Nova Chemicals and Polytechnique Montréal recently completed a three-month pilot program that brought the company’s Bonfire film development platform into the classroom. Graduate students in the Chemical Engineering program used the software to simulate package designs for the final project of their Polymer Packaging Engineering course.
The Bonfire platform allows users to design and improve complex multilayer films using simulations instead of costly experiments. For students, it opened a window into what it’s like to be a packaging engineer. They were introduced to various methods of film modeling and saw how it was possible to identify the most promising structures and reduce the number of trials necessary in designing experiments.
Students were enthusiastic for building unique structures through lessons learned from their course and the Bonfire platform library and modules.
“This partnership enhanced student learning and gave them a useful platform to explore different structures and assess the mechanical, barrier, and seal properties of designed packages,” said Zahra Kordjazi, research associate in the 3SPack Industrial Research Chair, who helped coordinate the program with NOVA Chemicals.
“The amazing assistance from NOVA Chemicals’ experts, Dr. Bronwyn Gillon and Erica Canavesi, made this a wonderful experience. By defining potential projects or combining the designed structures with specific experiments, we’re hopeful that this collaboration will continue to bring value to our program in the future,” Kordjazi added.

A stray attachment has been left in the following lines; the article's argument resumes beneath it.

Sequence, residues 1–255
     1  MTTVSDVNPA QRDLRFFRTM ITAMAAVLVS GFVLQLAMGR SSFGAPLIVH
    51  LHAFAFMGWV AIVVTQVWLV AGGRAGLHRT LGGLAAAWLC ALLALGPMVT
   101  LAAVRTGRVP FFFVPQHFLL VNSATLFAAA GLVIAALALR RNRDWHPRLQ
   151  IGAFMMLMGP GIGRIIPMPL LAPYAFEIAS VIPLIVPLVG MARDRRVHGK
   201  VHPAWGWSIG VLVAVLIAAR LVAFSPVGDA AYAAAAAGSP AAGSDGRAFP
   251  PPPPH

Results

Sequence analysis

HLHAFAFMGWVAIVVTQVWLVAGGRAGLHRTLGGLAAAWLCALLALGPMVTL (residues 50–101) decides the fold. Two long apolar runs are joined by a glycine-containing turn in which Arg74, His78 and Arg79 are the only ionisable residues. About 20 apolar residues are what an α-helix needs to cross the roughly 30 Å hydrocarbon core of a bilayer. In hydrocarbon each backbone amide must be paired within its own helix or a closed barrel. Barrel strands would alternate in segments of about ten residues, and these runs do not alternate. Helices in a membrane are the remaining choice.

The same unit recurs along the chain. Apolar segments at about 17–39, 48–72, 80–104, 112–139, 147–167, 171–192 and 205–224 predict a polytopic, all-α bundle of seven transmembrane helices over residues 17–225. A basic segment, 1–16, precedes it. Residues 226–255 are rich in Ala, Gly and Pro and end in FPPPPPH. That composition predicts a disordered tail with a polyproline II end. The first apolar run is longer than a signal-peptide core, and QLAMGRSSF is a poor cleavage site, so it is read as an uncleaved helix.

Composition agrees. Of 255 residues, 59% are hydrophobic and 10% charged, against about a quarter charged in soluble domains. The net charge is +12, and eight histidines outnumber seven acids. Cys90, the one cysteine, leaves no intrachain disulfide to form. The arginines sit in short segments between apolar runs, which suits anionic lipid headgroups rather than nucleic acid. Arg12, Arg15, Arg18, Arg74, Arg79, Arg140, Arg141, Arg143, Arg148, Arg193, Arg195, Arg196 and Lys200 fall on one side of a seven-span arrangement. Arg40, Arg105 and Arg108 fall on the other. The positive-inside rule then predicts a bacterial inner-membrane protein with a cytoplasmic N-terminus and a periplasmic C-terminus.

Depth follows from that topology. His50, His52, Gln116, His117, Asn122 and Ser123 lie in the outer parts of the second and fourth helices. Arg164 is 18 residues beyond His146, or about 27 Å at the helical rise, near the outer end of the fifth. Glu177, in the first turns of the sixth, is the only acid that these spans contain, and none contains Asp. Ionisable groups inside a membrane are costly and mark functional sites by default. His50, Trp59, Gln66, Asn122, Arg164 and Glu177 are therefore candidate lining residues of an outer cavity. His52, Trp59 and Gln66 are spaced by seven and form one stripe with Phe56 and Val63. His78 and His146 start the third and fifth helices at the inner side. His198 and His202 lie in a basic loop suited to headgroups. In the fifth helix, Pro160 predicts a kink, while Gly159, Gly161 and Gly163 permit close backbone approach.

NOVA Chemicals had various drivers behind this program, including Eric Vignola, NOVA Chemicals’ polyethylene market management leader. He was integral in establishing the relationship between NOVA Chemicals and Polytechnique.
“Participating in this program gave students real-world knowledge that will ultimately make them more attractive to the workforce. It was incredible to see their passion for the industry grow and to help them learn more about their role in creating sustainable plastic packaging in their future careers,” he said.
This program builds on NOVA Chemicals’ genScience initiatives, which are focused on the next generation of STEM employees. It follows a recent commitment from NOVA Chemicals of $600,000 to the Let’s Talk Science program in support of STEM education across Canada.
NOVA Chemicals says it plans to continue bringing the Bonfire platform to more schools across North America. Students gain a working knowledge of resources they’ll need in their careers while providing valuable feedback on the platform’s usability.